History of Irrigation Development in Bangladesh

Sun Online Desk

4th February, 2020 01:31:19 printer

History of Irrigation Development in Bangladesh


It is assumed that agriculture in the Indian subcontinent started nine thousand years ago when people learned the technique of growing crops and domesticating wild animals. Many years later, they discovered that if water from rivers can be diverted to crop fields, its production is increased tremendously. Irrigation system was developed in this way. In the first or second century, ‘Kallanai Dam’ built on the Kaveri River of Tamil Nadu, India was the first one for irrigation in the world and is still in use. The building of such an old water reservoir along with Mohenjo-Daro and Harappa proves that the Indian Civilization is one of the oldest one in the world.

After irrigation, the soil and micro-climate becomes cool, which expedites crop growth. It is relatively easier to broadcast seeds, fertilizers, pesticides, and other necessary ingredients on a crop field, but applying water for crop growth is not so easy. Therefore, it is not possible to grow any crops in vast areas of many countries of the world. Bangladesh is fortunate enough to be endowed with good rainfall and plenty of rivers for crop growth. It is believed that irrigation water was applied first time in the world six thousand years ago in Egypt, a country very famous for its old civilization. Barrages were made on the river Nile to divert water for growing crops. After making barrages, water overflows by the sides of rivers to flood the field, therefore, the system was named ‘flood irrigation’ or ‘overflow irrigation’. This system of irrigation was in practice in the Indian Subcontinent before the Sultanate time (1213 A.D.). It may be mentioned here that irrigation system was mentioned in the very old book Rig Veda, which is considered as the first book in the world. In Bangladesh, irrigation system has been practiced for more than three thousand years.

During the Sultanate time, instead of practising overflow irrigation system, ‘water reservoir irrigation’ system was introduced. In many areas, big size ponds, lakes etc. were made to preserve rain and flood water. Embankments were made on river banks for controlling flood and canals for draining excess water from crop fields. In addition, roads, bridges and culverts were made for improving communication system. Also programmes were taken for dredging rivers. All of those contributed greatly in agriculture, communication and overall development of the country. At that time, Bangladesh was a very wealthy country. This kind of irrigation system was continued up to the end of the Sultanate Regime (1757). During the British Regime, those kinds of development were closed and efforts were made to improve the water transportation system which brought disaster in agriculture.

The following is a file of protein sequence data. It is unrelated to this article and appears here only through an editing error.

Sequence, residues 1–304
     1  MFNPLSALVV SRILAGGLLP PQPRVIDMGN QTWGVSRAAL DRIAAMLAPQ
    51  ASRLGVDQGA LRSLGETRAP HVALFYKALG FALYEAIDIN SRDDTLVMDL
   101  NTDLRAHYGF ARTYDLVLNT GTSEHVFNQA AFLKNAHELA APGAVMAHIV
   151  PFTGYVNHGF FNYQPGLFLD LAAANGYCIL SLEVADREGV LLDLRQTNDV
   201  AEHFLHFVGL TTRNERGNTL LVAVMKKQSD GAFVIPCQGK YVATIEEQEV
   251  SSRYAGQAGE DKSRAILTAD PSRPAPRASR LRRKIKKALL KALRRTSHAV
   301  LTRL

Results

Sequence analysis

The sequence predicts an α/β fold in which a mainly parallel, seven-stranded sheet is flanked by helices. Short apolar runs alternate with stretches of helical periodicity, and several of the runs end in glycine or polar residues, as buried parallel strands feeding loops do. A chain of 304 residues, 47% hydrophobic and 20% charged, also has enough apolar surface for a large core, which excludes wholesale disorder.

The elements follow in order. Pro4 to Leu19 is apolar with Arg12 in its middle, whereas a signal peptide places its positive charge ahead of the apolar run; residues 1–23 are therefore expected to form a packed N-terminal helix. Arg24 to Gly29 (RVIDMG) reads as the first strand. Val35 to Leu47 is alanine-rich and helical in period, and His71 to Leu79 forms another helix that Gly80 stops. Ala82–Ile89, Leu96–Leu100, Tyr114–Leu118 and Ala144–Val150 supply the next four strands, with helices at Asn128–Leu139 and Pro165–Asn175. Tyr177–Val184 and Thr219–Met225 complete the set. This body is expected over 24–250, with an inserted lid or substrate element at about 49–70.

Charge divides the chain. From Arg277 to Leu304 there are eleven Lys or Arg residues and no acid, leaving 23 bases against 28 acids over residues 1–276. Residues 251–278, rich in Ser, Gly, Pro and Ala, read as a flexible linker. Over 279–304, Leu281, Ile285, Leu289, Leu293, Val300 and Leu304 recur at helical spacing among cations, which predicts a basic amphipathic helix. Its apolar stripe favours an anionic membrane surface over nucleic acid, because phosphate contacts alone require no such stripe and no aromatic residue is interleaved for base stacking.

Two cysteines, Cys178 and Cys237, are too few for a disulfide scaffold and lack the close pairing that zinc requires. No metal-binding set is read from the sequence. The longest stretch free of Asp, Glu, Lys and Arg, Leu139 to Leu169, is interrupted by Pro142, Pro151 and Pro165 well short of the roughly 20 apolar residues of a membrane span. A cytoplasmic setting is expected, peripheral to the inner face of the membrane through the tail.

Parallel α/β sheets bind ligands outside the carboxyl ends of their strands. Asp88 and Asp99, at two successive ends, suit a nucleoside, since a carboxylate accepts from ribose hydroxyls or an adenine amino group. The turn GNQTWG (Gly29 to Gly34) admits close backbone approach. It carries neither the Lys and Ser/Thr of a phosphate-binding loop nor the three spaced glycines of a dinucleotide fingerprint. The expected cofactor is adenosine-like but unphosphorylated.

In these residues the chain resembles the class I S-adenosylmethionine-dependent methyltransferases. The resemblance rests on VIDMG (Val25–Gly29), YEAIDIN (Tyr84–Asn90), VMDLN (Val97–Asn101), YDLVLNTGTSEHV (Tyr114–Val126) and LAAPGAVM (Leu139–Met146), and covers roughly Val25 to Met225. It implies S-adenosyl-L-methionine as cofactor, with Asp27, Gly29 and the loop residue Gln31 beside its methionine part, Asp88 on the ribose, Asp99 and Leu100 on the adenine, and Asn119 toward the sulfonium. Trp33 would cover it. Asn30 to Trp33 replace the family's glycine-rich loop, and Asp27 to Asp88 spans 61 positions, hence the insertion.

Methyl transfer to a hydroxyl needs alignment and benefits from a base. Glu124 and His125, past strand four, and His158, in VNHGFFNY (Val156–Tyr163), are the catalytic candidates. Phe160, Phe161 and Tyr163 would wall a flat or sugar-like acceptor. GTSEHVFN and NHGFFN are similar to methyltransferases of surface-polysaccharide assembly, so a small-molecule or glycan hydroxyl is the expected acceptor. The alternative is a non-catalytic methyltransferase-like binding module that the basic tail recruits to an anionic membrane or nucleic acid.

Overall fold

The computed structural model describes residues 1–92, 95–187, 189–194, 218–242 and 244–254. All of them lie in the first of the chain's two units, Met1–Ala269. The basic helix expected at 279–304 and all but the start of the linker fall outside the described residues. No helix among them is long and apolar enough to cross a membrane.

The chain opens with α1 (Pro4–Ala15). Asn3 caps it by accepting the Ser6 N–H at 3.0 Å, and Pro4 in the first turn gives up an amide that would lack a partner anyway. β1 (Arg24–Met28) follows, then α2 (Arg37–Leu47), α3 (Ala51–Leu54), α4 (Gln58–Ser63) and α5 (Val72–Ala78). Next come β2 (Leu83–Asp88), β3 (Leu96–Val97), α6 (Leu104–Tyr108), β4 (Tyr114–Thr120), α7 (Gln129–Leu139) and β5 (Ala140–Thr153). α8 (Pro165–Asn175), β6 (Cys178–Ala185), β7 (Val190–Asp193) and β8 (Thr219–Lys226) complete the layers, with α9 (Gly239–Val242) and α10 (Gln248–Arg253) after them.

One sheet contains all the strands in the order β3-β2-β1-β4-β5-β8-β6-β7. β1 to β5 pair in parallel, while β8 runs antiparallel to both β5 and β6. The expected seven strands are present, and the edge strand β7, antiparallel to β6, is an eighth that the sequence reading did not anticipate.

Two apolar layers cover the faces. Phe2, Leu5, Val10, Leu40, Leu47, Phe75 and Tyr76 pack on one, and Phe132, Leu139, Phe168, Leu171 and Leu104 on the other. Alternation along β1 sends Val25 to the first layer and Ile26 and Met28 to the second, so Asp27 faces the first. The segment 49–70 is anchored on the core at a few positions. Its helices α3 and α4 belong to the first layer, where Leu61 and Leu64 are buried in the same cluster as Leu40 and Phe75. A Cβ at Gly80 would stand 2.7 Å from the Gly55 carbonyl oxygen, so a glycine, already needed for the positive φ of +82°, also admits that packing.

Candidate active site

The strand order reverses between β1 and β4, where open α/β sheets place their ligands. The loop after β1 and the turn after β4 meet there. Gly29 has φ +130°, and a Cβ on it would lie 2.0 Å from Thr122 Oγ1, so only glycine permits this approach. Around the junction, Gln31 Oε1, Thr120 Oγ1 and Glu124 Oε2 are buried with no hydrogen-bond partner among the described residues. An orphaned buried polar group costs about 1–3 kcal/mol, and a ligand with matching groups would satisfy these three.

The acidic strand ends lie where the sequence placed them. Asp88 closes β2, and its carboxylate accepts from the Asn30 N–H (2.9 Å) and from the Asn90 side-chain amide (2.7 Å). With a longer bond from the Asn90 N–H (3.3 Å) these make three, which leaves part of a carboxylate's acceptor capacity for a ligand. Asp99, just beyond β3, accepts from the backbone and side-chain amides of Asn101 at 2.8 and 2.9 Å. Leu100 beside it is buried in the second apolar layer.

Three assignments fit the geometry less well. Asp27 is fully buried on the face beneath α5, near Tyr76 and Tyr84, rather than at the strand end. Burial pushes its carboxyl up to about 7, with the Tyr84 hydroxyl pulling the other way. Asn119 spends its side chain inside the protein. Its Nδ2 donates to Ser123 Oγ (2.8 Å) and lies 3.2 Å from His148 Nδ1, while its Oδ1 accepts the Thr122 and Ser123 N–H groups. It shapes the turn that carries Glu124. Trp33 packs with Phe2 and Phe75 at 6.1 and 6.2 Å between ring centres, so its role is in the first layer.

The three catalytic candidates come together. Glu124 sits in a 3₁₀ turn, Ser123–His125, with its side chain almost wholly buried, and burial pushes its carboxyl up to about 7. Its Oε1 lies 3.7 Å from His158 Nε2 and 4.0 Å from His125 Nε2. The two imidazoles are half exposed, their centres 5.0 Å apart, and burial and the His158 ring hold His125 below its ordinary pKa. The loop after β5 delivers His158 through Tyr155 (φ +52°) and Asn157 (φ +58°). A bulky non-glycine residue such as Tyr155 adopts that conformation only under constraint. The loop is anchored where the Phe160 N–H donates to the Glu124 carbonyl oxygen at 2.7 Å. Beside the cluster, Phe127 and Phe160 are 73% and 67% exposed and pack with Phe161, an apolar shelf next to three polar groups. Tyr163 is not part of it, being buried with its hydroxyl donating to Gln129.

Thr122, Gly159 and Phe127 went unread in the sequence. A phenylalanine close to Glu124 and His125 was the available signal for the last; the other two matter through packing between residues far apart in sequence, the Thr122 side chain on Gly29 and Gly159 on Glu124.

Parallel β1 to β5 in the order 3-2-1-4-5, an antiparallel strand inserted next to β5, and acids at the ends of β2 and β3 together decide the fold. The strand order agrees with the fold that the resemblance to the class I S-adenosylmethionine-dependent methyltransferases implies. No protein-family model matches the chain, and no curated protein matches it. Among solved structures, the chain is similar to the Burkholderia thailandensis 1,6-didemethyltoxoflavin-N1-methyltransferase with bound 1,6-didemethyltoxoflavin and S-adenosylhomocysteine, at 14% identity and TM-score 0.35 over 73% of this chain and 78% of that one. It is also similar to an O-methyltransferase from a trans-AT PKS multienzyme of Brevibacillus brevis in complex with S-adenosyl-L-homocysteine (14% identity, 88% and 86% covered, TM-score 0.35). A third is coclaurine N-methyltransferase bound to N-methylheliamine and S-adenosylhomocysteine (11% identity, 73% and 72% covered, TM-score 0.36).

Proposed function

After gaining independence from the British, the construction of the first big irrigation project Ganges-Kobadak (G-K) was started in 1954-55 financial year. Its first phase was completed in 1962-63. After the establishment of the Bangladesh Water Development Board (BWDB) in 1959, Dhaka-Narayanganj-Dhaka (DND) project, Thakurgaon Deep Tubewell (DTW) project, Low Lift Pump (LLP) project and Buri Teesta project were implemented in addition to the G-K project, which made epoch-making changes in agriculture. Bangladesh Agricultural Development Corporation (BADC) was established in 1962 to supply all the inputs for agricultural production. After its establishment, in addition to supplying seeds, fertilizers and pesticides, installation of LLPs and DTWs was strengthened to provide irrigation throughout the country. To attain self-sufficiency in food production, BADC strengthened its programme of expansion of irrigated area in 1971-72 through shallow tubewell (STW) irrigation system along with LLP and DTW irrigation system. As a result of this expansion, food grain production of the country increased as per population increase.